By Gary Duffy, SP Sydney
John Howard has often shown that he is a yesterday?s man. From his support of the monarchy to his ?All the way with the US of A? on everything and anything?wars, grandson of Star Wars?he is a relic of the mid-20th century. His attitudes towards women, immigrants and Aboriginals put him further into the past.
It is no accident that his attacks on public schools and Medicare are driven by his backward view that only the rich deserving an education or decent medical care.
The revitalised Mark Latham-led Labor Party are in the best position since before the Tampa incident to win the election, expected in October or November this year.
A defeat of the Howard government would be a blow to the private health companies, the super rich, George Bush, anti-union bosses, and every other enemy of ordinary people.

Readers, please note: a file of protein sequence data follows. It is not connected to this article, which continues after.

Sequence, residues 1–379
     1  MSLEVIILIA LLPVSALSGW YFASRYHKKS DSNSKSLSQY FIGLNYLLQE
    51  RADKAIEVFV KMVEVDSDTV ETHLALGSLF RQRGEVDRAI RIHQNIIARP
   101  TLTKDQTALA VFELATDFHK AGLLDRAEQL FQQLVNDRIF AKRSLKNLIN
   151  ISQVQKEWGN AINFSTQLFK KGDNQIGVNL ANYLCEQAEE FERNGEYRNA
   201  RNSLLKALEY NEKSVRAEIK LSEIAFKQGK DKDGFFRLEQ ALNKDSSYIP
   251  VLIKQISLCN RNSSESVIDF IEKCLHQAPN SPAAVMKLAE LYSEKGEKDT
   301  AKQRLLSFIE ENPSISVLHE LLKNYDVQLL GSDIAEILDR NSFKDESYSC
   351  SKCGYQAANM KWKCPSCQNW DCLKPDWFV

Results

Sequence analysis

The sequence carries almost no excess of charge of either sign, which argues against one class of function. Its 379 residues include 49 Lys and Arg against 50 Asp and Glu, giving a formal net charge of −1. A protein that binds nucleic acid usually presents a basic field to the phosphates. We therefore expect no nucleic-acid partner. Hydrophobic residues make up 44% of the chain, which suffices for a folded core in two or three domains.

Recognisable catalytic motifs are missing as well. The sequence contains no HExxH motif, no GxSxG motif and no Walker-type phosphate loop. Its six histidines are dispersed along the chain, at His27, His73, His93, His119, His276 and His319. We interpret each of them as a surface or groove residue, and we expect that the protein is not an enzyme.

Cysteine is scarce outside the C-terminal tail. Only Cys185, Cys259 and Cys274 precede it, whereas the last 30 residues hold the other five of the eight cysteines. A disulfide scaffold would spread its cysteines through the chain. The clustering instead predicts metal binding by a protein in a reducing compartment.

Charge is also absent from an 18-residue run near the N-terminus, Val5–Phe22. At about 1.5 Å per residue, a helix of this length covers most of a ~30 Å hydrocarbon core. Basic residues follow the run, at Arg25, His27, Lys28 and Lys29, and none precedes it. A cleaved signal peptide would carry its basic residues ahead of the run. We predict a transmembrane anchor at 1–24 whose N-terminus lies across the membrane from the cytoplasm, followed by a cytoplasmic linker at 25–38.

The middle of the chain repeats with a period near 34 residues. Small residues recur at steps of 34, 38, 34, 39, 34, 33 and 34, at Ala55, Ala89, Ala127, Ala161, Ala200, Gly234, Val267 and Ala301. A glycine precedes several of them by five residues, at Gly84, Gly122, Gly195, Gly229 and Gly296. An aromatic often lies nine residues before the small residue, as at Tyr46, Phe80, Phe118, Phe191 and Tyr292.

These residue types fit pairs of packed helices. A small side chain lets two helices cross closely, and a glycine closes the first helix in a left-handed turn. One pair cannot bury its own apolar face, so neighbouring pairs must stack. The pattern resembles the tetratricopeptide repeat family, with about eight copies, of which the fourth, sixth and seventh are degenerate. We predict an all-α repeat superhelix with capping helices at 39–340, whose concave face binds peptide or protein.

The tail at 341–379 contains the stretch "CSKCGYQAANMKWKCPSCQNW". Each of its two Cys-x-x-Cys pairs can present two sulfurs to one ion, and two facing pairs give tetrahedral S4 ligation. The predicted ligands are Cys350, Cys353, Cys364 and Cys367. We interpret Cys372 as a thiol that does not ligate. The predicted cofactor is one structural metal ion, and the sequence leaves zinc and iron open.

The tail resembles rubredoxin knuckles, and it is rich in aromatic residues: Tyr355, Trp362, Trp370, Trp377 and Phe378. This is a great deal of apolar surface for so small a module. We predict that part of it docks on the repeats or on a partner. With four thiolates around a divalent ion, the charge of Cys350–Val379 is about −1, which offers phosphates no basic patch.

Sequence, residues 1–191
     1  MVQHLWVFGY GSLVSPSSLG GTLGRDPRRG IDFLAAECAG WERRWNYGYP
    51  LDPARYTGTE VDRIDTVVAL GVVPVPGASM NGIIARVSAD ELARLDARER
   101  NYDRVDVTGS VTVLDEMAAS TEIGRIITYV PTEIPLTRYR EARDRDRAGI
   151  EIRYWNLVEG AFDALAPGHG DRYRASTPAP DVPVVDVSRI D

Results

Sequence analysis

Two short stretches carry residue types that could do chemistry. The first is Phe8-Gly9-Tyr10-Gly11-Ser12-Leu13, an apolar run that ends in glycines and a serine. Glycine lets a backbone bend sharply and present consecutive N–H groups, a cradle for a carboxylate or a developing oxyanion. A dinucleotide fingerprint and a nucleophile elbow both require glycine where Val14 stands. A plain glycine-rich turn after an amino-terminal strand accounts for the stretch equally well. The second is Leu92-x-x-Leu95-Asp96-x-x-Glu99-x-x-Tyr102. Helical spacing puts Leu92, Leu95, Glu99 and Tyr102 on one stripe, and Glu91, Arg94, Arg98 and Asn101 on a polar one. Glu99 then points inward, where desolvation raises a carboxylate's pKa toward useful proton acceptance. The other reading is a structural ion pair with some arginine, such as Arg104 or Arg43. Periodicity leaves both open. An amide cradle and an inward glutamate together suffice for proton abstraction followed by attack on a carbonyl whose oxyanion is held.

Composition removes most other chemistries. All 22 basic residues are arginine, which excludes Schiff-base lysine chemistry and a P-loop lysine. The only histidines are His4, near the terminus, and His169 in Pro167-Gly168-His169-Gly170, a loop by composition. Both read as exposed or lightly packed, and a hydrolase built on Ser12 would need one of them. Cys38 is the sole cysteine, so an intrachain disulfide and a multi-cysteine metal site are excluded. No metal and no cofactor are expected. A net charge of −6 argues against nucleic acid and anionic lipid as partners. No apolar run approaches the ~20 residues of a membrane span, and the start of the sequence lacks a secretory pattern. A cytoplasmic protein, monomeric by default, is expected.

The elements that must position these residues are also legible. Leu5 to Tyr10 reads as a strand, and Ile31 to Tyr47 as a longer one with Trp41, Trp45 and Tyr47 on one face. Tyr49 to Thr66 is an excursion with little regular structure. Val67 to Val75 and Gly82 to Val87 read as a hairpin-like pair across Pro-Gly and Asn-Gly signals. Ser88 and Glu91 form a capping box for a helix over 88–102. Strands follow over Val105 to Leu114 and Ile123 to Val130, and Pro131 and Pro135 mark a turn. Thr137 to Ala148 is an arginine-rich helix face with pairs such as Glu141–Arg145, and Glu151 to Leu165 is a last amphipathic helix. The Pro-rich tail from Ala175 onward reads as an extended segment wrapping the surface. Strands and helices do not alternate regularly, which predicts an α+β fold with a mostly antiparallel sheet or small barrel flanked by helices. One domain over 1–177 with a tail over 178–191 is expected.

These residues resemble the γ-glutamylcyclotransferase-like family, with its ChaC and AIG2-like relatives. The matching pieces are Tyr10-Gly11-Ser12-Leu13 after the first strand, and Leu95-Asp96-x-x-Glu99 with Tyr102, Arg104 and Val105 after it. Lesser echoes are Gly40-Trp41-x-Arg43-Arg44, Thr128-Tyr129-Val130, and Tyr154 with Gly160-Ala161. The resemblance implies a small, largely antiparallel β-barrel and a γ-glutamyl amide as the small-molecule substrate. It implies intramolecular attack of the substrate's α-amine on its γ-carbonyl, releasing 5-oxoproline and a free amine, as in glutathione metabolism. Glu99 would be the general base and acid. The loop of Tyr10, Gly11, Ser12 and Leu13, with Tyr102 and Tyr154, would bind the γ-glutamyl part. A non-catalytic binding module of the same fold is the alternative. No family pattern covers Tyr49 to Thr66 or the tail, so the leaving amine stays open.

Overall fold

Labor seems keen to ride the wave of opposition to Howard over his attacks on Medicare, public schools, and access to university for ordinary people.
They oppose his policies but saying little as to what they would do differently (or at best promise very moderate improvements).
Labor is ready to parrot Howard?s ideas on refugess and security in order to neutralise areas they think he still has support for.
The general direction of all governments in Australia and worldwide over the past two decades, and especially in the 1990s, has been one of privatisation, spending cuts, and tax cuts for the rich. On this Latham?s Labor and Howard?s Coalition are almost exactly the same.
That?s why we will be encouraging workers to vote Socialist, then Green, and only then vote Labor in the upcoming election.
It is clear that many people feel Mark Latham is more in touch with their generation and the issues that concern them than the 1950s John Howard.
In the editorial in this issue of the Socialist (Feb-March 2004, on this web site) we analysis the right-wing policies of Mark Latham.
However the only way most people will find out is to throw out the Liberals and give Latham and the ALP enough rope to hang themselves (or not).